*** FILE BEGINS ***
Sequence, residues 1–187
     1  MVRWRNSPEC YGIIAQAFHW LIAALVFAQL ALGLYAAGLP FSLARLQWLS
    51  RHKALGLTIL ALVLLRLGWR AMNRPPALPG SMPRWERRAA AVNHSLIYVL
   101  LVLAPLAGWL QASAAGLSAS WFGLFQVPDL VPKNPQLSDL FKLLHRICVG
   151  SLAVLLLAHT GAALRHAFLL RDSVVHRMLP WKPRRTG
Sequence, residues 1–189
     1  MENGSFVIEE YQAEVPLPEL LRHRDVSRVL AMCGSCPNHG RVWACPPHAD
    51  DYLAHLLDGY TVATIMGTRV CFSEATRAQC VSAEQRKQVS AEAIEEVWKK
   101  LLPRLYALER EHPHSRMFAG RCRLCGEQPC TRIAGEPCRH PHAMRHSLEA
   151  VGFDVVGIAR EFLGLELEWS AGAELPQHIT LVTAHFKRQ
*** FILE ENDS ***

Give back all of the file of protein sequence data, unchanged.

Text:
Sequence, residues 1–187
     1  MVRWRNSPEC YGIIAQAFHW LIAALVFAQL ALGLYAAGLP FSLARLQWLS
    51  RHKALGLTIL ALVLLRLGWR AMNRPPALPG SMPRWERRAA AVNHSLIYVL
   101  LVLAPLAGWL QASAAGLSAS WFGLFQVPDL VPKNPQLSDL FKLLHRICVG
   151  SLAVLLLAHT GAALRHAFLL RDSVVHRMLP WKPRRTG
Sequence, residues 1–189
     1  MENGSFVIEE YQAEVPLPEL LRHRDVSRVL AMCGSCPNHG RVWACPPHAD
    51  DYLAHLLDGY TVATIMGTRV CFSEATRAQC VSAEQRKQVS AEAIEEVWKK
   101  LLPRLYALER EHPHSRMFAG RCRLCGEQPC TRIAGEPCRH PHAMRHSLEA
   151  VGFDVVGIAR EFLGLELEWS AGAELPQHIT LVTAHFKRQ